An impression somehow gained ground that Biden wants to focus less US attention on West Asia and more on China. Then came the tumultuous capture of Kabul by the Taliban. And, like a kaleidoscope, Biden’s compass went haywire. The Taliban has strained relations with Saudi Arabia and the UAE — and, Qatar, the bête noire of the Saudi and Emirati regimes, catapulted to become the US’ most dependable partner in West Asia.
Sullivan’s comes on an eventful week in the Beltway when Pentagon generals publicly criticised Biden’s decision on troop withdrawal from Afghanistan, the state department and Pentagon traded blame over the Afghan evacuation, and new evacuation flights out of Afghanistan are being lined up with Taliban’s help.
The White House has a media blackout on Sullivan’s talks with MbS on Monday. But from the Saudi perspective, the talks went well so much so that they unilaterally issued a statement two days later. The statement highlights a new convergence over “intensifying diplomatic efforts to resolve the crisis in Yemen.”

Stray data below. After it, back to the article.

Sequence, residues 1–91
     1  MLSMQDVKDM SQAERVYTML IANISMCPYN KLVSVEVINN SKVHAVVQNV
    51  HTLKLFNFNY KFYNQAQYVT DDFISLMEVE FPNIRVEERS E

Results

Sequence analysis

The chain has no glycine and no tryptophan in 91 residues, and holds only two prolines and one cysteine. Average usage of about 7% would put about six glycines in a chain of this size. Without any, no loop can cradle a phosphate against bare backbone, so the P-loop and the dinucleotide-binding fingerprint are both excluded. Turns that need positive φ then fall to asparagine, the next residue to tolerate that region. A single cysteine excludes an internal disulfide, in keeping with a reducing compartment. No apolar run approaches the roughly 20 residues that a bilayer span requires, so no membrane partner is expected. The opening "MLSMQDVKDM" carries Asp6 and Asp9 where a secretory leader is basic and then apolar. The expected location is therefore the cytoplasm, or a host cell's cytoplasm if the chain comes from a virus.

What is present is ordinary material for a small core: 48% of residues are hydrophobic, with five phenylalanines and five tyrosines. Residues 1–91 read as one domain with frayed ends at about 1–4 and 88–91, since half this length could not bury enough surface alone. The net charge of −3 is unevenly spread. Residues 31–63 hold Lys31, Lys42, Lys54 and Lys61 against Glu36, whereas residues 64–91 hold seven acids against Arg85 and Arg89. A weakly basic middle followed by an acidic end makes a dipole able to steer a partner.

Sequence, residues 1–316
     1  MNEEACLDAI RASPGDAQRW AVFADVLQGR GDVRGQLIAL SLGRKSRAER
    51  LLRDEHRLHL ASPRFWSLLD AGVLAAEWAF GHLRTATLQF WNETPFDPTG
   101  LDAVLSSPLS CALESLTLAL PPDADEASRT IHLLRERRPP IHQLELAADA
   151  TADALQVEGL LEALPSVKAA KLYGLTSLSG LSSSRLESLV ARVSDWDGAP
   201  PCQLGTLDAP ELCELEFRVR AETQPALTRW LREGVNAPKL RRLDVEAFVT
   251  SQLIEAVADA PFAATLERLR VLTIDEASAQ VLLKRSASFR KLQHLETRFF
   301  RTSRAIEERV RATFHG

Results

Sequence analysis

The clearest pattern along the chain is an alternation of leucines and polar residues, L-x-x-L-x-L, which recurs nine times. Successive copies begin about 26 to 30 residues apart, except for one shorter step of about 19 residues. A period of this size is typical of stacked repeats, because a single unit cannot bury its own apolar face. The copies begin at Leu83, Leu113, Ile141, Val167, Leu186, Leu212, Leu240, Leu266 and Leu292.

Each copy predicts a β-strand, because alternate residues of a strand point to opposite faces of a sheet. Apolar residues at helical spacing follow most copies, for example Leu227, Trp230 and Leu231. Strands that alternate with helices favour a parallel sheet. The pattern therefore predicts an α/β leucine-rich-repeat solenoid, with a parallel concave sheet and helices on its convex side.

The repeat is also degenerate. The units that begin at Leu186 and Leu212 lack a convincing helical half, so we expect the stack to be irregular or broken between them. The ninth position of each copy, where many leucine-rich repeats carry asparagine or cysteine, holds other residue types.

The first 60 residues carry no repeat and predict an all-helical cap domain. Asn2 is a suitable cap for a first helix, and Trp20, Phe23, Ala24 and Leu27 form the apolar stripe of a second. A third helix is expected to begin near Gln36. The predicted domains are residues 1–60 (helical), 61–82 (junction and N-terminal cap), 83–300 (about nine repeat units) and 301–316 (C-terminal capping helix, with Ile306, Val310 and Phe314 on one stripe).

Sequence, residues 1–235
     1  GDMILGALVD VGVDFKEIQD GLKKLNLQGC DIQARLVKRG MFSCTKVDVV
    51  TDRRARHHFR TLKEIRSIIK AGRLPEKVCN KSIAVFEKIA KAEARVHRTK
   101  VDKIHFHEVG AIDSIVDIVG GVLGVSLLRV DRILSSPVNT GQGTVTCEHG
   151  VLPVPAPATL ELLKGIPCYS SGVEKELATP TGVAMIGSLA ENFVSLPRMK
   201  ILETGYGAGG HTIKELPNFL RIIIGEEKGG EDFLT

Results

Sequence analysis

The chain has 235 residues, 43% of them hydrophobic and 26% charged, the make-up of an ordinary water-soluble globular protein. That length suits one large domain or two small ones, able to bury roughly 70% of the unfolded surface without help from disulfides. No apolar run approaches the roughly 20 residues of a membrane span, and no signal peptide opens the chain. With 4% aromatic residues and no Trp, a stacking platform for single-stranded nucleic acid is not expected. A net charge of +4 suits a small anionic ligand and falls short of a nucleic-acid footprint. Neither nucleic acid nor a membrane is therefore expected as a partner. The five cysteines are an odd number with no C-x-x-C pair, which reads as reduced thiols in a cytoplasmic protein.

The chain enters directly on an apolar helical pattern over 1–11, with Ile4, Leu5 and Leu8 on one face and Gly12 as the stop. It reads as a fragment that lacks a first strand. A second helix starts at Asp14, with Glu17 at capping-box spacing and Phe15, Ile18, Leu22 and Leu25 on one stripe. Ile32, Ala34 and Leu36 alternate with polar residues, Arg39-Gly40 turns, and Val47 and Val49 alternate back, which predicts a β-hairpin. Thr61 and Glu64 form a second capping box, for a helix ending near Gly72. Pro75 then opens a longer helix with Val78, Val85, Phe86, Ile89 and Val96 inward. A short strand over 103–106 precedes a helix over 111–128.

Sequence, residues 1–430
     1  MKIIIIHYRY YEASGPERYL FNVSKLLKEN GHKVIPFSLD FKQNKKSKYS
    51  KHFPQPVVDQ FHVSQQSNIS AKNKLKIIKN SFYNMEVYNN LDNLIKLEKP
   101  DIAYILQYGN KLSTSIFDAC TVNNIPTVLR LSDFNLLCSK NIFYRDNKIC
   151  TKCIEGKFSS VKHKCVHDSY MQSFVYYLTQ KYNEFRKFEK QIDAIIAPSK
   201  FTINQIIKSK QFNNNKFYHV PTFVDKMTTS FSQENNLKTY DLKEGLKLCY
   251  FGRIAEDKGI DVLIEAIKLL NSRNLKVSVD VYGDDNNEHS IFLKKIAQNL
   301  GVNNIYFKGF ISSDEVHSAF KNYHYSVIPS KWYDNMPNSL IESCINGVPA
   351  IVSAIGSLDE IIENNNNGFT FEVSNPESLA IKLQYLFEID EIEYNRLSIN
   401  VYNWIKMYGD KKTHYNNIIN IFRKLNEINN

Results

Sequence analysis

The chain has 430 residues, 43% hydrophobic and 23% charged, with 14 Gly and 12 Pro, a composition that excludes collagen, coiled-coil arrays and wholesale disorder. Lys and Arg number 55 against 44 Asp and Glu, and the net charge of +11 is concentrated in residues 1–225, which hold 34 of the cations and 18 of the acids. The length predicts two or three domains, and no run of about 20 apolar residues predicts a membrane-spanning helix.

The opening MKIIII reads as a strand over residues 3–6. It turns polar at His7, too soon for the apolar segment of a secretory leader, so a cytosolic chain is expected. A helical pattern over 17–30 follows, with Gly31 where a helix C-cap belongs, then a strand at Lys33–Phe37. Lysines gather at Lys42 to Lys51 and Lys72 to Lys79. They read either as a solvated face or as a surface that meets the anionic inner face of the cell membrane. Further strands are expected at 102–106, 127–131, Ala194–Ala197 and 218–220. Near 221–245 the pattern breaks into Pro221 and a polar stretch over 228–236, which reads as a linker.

It said Sullivan “stressed Washington’s complete commitment to supporting Saudi Arabia as it defends itself against threats, including ballistic missile and armed drone attacks by the Houthis. He emphasised US President Joe Biden’s support for Saudi Arabia’s goal to push forward a lasting political solution and ending the conflict in Yemen.”
No doubt, Yemen topped Sullivan’s agenda. He was accompanied by special envoy for Yemen Tim Lenderking and the White House Middle East coordinator Brett McGurk.
But the Saudi statement also highlighted that “Talks focused on bilateral relations between Riyadh and Washington and ways to bolster them in various fields. They also tackled regional issues of interest.”
Interestingly, MbS received Sullivan in Neom, the futuristic city that he is planning to develop on the Red Sea coast at an estimated cost of $500 billion, an enterprise in which Western business and industry is keenly interested. (Interestingly, immediately after the meeting with Sullivan, MbS received a call from French President Emmanuel Macron.)